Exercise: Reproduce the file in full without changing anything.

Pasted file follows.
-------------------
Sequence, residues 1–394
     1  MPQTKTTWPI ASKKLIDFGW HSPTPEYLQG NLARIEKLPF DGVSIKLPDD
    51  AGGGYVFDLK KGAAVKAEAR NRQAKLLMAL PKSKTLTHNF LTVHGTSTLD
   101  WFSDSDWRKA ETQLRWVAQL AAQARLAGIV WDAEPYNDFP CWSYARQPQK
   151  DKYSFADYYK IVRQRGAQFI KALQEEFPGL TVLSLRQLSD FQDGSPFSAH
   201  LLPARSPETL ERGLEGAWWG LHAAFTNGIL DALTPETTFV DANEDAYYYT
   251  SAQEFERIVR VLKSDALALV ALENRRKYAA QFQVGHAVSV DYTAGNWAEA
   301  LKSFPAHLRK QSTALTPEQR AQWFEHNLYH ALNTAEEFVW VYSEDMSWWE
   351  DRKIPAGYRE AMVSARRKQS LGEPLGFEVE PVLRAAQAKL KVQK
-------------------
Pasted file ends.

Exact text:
Sequence, residues 1–394
     1  MPQTKTTWPI ASKKLIDFGW HSPTPEYLQG NLARIEKLPF DGVSIKLPDD
    51  AGGGYVFDLK KGAAVKAEAR NRQAKLLMAL PKSKTLTHNF LTVHGTSTLD
   101  WFSDSDWRKA ETQLRWVAQL AAQARLAGIV WDAEPYNDFP CWSYARQPQK
   151  DKYSFADYYK IVRQRGAQFI KALQEEFPGL TVLSLRQLSD FQDGSPFSAH
   201  LLPARSPETL ERGLEGAWWG LHAAFTNGIL DALTPETTFV DANEDAYYYT
   251  SAQEFERIVR VLKSDALALV ALENRRKYAA QFQVGHAVSV DYTAGNWAEA
   301  LKSFPAHLRK QSTALTPEQR AQWFEHNLYH ALNTAEEFVW VYSEDMSWWE
   351  DRKIPAGYRE AMVSARRKQS LGEPLGFEVE PVLRAAQAKL KVQK